Tag Archives: equality

No one is a slut. “Slut” is a made-up word to keep women from having as much fun as men. A person who enjoys sex is just a person and a person who is a virgin is also just a person and everyone should lay off each other’s sex lives. Retire the word “slut” please.

20 Things We Need To Stop Talking About In 2013  (via normalisgross)

The World of 100 (People)

Something I wrote about equality and anger and most of all my understanding of compassion and struggle to practice it.

One of the most disheartening things for me is hearing extremely intelligent people talk in a pompous and non-compassionate way.

It reminds me of something I read when the 99% vs. 1% was at the forefront and people were shouting about how they got where they were with no one else’s help so why shouldn’t everyone else. This is simply not true, most people were helped by many people throughout their lives from their parents and family who fed and clothed them, the population at large which paid taxes which paid for their school, paved the roads they drove on, and for the medicine they took. There are those who built companies before the, or the very company who they came to lead, and everyone who showed them any type of kindness or guidance along the way. “Self-made” is really a foolish term among humans, who seek ways to nurture one another, who form alliances, and build monuments.

In our society, even the people with the roughest lives have probably been helped along by someone, or the infrastructure our ancestors built, kindness from a stranger. It is preposterous, in my opinion, to believe that we’ve made our lives by ourselves, and that we do not need help, or that we don’t receive it. It is just as folly to believe others don’t deserve that same kindness.

One of my favorite lines out of all I’ve written is that “equality is not equal circumstance, but equal opportunity.” There are those better of and worse of then us, there are billions of people on this planet with unique needs and wants and skills, and giving them all the same life would not lead to happiness. I believe people deserve to have their abilities and dreams and ambitions nurtured. That everyone should have the rights to basic needs, to the support to achieve further, the understanding from others that they may need more time, or more encouragement, or more practice then someone else would. I believe others should be treated with respect even when we don’t understand their motivation, or actions, or mistakes.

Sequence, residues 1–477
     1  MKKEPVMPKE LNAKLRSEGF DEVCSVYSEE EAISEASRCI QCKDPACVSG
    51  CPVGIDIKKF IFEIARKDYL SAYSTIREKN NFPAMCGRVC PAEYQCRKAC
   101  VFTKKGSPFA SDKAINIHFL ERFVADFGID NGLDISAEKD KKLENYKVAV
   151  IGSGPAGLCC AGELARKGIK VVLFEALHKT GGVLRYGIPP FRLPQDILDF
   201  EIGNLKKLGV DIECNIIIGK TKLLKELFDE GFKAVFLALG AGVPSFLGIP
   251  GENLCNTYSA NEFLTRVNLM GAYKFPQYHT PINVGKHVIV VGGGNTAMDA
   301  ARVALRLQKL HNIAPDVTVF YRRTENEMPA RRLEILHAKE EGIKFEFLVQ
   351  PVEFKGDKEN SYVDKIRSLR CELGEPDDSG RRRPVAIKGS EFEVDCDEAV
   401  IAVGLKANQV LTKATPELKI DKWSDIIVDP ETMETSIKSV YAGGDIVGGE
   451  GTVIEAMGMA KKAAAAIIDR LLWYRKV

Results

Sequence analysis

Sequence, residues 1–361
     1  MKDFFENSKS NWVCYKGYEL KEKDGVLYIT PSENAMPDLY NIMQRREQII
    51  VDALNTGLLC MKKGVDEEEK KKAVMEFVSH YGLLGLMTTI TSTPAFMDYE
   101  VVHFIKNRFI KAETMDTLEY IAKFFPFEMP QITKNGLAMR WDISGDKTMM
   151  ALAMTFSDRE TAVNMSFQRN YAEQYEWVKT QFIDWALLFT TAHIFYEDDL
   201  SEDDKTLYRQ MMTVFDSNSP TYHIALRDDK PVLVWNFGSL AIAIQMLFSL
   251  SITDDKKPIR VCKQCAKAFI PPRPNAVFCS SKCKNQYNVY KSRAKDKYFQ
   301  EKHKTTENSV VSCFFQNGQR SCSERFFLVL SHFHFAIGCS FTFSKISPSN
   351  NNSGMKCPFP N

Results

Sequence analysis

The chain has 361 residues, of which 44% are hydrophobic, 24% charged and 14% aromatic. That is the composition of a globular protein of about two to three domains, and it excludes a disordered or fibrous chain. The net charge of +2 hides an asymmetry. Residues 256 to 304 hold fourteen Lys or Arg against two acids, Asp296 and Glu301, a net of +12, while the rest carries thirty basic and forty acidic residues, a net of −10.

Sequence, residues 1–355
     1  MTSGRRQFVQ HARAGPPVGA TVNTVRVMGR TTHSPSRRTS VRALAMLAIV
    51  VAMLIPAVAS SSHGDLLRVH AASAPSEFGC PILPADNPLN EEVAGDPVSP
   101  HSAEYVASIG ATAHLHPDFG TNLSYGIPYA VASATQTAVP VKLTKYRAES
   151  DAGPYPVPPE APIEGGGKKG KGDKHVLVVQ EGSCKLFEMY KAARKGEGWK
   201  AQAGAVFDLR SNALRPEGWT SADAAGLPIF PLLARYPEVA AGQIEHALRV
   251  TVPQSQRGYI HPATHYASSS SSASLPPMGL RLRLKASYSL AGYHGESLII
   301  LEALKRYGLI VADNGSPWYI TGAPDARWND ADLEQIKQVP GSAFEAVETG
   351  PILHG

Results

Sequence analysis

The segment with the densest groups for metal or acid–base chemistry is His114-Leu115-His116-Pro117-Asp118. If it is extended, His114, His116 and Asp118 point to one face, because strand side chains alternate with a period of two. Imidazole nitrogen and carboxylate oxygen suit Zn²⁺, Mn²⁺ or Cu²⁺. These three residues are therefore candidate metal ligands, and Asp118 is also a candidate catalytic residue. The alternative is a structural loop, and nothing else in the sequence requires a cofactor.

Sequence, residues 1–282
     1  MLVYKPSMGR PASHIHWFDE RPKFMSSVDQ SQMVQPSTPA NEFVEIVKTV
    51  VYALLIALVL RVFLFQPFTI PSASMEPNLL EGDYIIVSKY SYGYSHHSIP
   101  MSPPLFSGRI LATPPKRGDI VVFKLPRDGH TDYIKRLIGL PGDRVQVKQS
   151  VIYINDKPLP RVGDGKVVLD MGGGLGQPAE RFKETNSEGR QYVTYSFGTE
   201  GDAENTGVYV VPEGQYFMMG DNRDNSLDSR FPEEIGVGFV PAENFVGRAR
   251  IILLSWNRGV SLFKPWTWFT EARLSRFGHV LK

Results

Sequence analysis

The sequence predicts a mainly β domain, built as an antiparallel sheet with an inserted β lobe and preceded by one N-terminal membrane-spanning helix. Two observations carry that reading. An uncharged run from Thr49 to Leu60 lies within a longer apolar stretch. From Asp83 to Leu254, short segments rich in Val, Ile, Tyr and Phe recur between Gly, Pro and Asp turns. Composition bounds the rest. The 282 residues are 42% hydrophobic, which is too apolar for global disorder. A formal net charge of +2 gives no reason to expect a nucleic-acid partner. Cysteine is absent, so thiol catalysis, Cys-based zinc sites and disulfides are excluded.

I think we all deserve to make a lot of mistakes without being looked down on, or told off, or treated as failures. In fact, making mistakes pretty much requires putting in effort, often on something you are unsure of, and that is a type of bravery that needs to be more widely celebrated. We should respect the things one another try hard enough to fail at. Even if they are not the things we would choose.

As the title of one of my favorite books, and a quote that has stuck with me ever since “Don’t judge a man until you’ve walked two moons in his moccasins.” Or for those of you wrapped up it literality, don’t judge a person until you’ve spent two months in their place. Of course, the twist is, we can never really be in another’s place, that is one of the miraculous and mysteries things about being a human being. We never really be anyone but ourselves. But to me, that is what the practice of compassion really is, giving one another the benefit of the doubt, and trying to imagine what it might be like in their place. What challenges they may face, what past struggles have weakened or strengthened them, how their upbringing and experience has affected their world view, goals and morality. Because how else will we ever understand each other, if we don’t leave our own thoughts behind, and forget that someone makes us mad, or thinks differently, but instead pause to think why they would think the way they do. What circumstances have caused them to be the way they are. What have they suffered through, and found joy in?

And with that, I would like to thank the person who inspired this post, who I have felt so angry at, for believing so differently then I do. And I will try to remember the struggles you’ve been through, the things you’ve needed to survive from, and the insecurities you may struggle with, and think more compassionately towards you. For we are both young and learning and although I don’t doubt you will become incredibly successful, I know also that you will change and learn and probably see things differently one day. Maybe not the same as I do, but still differently, and I hope you the best.


What Americans Keep Ignoring About Finland’s School Success